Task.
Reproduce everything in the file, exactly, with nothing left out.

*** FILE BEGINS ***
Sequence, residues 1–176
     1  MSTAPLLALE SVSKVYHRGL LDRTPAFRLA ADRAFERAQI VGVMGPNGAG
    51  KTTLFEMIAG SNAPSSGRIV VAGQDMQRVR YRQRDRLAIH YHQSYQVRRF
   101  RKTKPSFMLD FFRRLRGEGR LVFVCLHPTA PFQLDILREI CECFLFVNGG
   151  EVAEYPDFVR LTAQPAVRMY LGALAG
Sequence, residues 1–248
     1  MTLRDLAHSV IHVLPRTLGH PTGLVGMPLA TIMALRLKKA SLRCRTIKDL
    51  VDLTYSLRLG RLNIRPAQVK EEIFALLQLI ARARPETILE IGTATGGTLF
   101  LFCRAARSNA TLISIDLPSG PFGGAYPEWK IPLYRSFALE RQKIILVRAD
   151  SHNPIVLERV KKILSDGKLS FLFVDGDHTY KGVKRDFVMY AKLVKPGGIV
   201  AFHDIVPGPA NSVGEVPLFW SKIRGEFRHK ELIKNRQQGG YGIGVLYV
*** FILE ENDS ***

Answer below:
Sequence, residues 1–176
     1  MSTAPLLALE SVSKVYHRGL LDRTPAFRLA ADRAFERAQI VGVMGPNGAG
    51  KTTLFEMIAG SNAPSSGRIV VAGQDMQRVR YRQRDRLAIH YHQSYQVRRF
   101  RKTKPSFMLD FFRRLRGEGR LVFVCLHPTA PFQLDILREI CECFLFVNGG
   151  EVAEYPDFVR LTAQPAVRMY LGALAG
Sequence, residues 1–248
     1  MTLRDLAHSV IHVLPRTLGH PTGLVGMPLA TIMALRLKKA SLRCRTIKDL
    51  VDLTYSLRLG RLNIRPAQVK EEIFALLQLI ARARPETILE IGTATGGTLF
   101  LFCRAARSNA TLISIDLPSG PFGGAYPEWK IPLYRSFALE RQKIILVRAD
   151  SHNPIVLERV KKILSDGKLS FLFVDGDHTY KGVKRDFVMY AKLVKPGGIV
   201  AFHDIVPGPA NSVGEVPLFW SKIRGEFRHK ELIKNRQQGG YGIGVLYV